The cost of Freedom
Today is freedom Day in South Africa but what does this mean?
Before I go into the politics of South Africa’s Freedom day, this week Jews around the world celebrated their freedom from slavery. Passover is a reminder that most freedom is hard fought and hard earned and that we should be grateful to be free every day of our lives. We must teach our children about it, not with bitterness but with joy that it is done and they should move on without forgetting.
“Those who deny freedom to others deserve it not for themselves.” Abraham Lincoln
“Freedom is oxygen of the soul.” Moshe Dayan
On this day in 1994, South Africa held its first democratic election in which all South Africans, over the age of 18, could cast their vote regardless of their race. Prior to this, only whites were allowed to vote.
I found this slogan on the site http://scnc.ukzn.ac.za/ when looking for something to write about on this important day. ‘South Africans are “One people with one destiny”’. Sadly it appears that, unless our next election has the population exercising their freedom to vote for change and make a dramatic change, the destiny of our country is not looking good.
I love South Africa and have faith that the good life that we have here will continue.
On Human Rights day I wrote about the right to strike. Today I want to write about what that right does to our freedom.Human rights day
You have the right to strike! It appears that this may have become a national pastime! Striking, however well intentioned, may infringe on the very freedoms that we hold so dear. From watching the news and reading the articles, it appears that those striking are infringing not only on the rights of others but also on people’s freedom of choice.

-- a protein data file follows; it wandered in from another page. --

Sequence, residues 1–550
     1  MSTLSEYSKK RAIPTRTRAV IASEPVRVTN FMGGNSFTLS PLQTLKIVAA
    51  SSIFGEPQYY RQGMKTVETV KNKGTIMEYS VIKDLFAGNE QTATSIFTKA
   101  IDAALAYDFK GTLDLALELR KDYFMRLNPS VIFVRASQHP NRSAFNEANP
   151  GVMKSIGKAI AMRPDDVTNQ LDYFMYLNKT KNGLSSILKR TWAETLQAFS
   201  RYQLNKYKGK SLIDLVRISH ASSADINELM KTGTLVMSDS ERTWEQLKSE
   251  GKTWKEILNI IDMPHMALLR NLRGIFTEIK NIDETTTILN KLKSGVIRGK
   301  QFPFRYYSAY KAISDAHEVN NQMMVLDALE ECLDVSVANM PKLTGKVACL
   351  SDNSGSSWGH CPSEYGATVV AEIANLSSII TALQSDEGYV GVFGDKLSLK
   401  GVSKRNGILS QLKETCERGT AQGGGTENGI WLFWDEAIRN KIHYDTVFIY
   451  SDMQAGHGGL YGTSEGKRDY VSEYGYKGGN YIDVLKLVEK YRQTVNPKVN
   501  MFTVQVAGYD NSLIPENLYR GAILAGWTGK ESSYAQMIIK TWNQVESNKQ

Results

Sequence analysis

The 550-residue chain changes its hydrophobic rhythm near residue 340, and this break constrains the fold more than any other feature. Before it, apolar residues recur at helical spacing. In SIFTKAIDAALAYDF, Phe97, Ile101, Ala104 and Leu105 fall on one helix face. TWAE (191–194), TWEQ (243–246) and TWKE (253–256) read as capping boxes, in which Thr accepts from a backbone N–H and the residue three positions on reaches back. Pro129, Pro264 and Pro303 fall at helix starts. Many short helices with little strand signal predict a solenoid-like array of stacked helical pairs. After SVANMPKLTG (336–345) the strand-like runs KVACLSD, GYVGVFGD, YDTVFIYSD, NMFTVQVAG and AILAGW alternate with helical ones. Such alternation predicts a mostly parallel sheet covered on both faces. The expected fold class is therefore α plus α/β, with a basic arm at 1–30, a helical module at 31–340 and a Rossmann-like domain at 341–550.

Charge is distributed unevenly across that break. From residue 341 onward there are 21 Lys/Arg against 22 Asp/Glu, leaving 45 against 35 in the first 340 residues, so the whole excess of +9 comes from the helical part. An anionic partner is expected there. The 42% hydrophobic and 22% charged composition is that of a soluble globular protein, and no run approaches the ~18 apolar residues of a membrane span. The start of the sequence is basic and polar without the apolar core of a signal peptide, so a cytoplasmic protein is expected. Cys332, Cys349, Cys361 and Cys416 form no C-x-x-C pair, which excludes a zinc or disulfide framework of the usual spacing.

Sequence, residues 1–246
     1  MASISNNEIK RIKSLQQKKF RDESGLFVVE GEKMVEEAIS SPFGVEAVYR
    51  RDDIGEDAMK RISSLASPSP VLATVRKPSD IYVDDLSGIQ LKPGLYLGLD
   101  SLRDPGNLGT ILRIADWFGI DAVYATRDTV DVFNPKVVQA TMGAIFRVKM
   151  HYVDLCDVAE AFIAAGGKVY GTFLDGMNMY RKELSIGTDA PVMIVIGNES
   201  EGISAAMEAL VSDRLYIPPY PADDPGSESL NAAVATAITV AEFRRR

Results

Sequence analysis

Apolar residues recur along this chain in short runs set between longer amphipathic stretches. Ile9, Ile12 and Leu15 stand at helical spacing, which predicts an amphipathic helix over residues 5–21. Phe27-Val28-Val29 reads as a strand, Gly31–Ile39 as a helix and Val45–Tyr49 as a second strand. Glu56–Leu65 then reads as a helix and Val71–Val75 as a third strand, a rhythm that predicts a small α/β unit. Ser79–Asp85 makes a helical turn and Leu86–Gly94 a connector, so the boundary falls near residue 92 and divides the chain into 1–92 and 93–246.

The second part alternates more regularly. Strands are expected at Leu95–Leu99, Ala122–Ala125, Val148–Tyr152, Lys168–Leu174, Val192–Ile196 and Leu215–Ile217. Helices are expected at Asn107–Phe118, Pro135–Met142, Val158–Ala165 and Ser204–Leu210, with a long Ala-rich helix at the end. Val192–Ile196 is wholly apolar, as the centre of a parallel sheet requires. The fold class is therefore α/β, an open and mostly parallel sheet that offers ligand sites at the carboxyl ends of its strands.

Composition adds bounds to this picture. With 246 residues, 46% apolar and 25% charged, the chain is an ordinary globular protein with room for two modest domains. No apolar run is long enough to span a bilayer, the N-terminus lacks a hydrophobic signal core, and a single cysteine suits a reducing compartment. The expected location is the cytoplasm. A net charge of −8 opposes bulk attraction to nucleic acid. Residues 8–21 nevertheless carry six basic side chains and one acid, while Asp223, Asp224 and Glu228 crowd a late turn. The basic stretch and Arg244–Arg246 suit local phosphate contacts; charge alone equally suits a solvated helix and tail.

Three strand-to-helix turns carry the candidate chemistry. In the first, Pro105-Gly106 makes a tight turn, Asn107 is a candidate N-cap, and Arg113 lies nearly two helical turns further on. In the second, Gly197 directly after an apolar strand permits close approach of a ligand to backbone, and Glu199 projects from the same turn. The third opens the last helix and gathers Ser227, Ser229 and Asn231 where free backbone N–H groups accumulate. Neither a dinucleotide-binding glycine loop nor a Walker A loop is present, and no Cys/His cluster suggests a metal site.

If you choose not to strike or, horror of horrors, you don’t belong to a union and are hired to stand in and keep the country going by doing the jobs that the striking workers aren’t, their freedom and their rights are infringed when they get beaten up and called ‘scabs’. What about the people who do belong to the unions and are told they have to strike or else? Or those who feed their families while the union leaders make these decisions from their comfortable homes? Their salaries continue to be paid by those very members who contribute monthly to the union that is meant to protect their jobs?
Is this what Freedom day is about? Is this what the struggle for equality across all sectors of our population was for? Are people really more free today than during the apartheid era?
The South African constitution is one of the most progressive in the world today; this came because of the fight for freedom for all South Africans.
How free are the people of South Africa really? The divide between middle class and poor is larger than ever, the countries unemployment rate is higher than ever, the crimes are more violent than before, discrimination is worse than ever.
Do you think we know what freedom really is?